The debate surrounding hunting is one that will likely continue regardless f the protests, or how many animal species are in threat of extinction. People will still defend it as a hobby and Ron Thompson is certainly one of them.
Over the course of his life as a hunter it’s reported he’s ended the lives of more than 5,000 animals, with African elephants counting for a large number of them.
Recently he was specifically named in a report on hunting as a hobby which was released by the Campaign to Ban Trophy Hunting. The report discusses the increase in ivory taken by trophy hunters from the animals with the number having increased 12-fold in the last three decades.
Ron Thomson: Zimbabwean Hunter Who Enjoyed Killing 5000 Elephants, 60 Lions, and 40 Leopards | The…
Boasting about killing 5,000 elephants, 800 buffaloes, 60 lions, 50 hippos, 40 leopards, and many more, Ron Thomson is described on his website as ‘one of the most experienced African big game…
The Campaign to Ban Trophy Hunting’s founder, Eduardo Goncalves, argues that this type of hunting threatens the survival of many species. Goncalves fears that the industry has grown of late, which is close to pushing many species to the brink of being lost forever.
Thompson, has slain 5,000 elephants, as well as 800 buffalo, 50 hippopotamuses, between 30 and 40 leopards, and 50 or 60 lions. The 80-year-old has spent most of his life in national parks as a game ranger, and shows no remorse for his actions.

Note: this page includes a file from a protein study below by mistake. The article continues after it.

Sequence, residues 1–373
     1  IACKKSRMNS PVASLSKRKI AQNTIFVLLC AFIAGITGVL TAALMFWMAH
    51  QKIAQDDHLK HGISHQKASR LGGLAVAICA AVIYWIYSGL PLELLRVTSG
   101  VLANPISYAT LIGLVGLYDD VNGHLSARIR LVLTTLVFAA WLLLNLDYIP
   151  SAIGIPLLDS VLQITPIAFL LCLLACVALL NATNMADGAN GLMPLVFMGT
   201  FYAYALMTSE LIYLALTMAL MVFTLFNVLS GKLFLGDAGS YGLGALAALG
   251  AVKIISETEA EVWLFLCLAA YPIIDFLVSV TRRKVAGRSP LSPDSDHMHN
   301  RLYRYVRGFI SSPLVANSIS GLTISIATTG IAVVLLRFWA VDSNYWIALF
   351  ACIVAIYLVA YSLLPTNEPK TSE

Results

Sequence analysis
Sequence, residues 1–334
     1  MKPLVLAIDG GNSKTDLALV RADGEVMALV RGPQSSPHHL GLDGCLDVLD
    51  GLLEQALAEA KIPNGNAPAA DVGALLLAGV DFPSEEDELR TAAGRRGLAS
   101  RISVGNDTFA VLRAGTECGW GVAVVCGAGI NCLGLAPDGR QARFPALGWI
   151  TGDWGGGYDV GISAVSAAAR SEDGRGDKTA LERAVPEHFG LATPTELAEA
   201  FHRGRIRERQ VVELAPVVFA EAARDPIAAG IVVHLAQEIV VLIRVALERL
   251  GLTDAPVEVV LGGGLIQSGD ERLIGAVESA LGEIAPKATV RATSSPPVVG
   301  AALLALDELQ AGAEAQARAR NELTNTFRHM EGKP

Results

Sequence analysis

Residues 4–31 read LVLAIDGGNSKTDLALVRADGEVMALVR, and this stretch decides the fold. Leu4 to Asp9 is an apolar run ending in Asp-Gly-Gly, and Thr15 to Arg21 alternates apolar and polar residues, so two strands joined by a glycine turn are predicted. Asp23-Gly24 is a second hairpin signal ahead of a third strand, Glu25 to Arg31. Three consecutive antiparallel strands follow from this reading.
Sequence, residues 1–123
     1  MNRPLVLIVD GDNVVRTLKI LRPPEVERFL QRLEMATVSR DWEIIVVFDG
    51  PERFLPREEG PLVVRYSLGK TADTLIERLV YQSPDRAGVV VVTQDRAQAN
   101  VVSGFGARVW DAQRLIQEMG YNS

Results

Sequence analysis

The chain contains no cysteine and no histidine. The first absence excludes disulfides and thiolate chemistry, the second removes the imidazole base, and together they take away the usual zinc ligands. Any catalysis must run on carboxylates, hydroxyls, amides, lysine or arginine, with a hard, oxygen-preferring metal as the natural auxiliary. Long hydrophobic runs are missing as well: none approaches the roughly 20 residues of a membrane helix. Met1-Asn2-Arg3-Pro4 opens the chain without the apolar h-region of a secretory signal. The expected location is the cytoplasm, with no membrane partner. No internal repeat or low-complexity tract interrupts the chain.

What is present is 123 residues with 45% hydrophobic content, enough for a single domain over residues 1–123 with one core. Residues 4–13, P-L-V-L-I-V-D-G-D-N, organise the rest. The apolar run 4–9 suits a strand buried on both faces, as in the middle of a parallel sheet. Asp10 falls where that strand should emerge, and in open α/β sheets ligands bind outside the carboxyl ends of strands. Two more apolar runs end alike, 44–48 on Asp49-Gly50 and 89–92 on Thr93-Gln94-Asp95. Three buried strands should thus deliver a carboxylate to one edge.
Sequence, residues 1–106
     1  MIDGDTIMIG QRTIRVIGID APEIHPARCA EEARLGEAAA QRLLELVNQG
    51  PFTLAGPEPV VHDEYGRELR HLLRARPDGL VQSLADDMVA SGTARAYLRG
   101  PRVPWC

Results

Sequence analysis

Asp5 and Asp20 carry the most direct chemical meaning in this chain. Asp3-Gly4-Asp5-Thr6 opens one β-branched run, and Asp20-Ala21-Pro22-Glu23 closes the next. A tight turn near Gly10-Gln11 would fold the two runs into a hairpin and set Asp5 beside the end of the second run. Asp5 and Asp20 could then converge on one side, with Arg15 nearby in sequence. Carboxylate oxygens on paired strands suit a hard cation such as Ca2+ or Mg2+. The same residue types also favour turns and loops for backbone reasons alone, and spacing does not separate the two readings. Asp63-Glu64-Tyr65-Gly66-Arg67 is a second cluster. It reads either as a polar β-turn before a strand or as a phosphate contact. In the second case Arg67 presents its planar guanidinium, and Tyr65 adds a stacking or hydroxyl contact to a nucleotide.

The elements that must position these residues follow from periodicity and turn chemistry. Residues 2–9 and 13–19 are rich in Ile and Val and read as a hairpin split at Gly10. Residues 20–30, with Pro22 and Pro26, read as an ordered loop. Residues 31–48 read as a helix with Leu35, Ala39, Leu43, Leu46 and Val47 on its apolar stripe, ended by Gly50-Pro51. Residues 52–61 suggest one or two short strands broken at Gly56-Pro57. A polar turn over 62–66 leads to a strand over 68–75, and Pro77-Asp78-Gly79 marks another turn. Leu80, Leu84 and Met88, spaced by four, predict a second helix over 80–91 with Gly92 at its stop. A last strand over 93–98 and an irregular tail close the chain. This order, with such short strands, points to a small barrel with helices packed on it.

He says that what he does carries significance that people in western countries overlook. Thompson’s keeps animal populations in check and said that the African elephant isn’t facing extinction, despite evidence to the contrary.
“I’m totally unrepentant, a hundred – ten thousand – times over for any of the hunting I’ve done because that’s not the problem,” he said.
“The problem is we’ve got a bunch of so-called experts from the West telling us what to do. I’m a trained university ecologist – I must surely know something about this.”
It’s Thompson’s opinion that lies are being fabricated to finance animal rights non-governmental organizations. Irrespective of this you it’s evident that the African elephant has suffered a drastic drop in numbers.
According to the World Wildlife Federation, an effort to count the remaining African elephants in Africa in 2016 discovered there were only 352,271 of the majestic creatures remaining. Although this may sound like a lot if you compare it to previous years theres a 30% drop over the last seven years.
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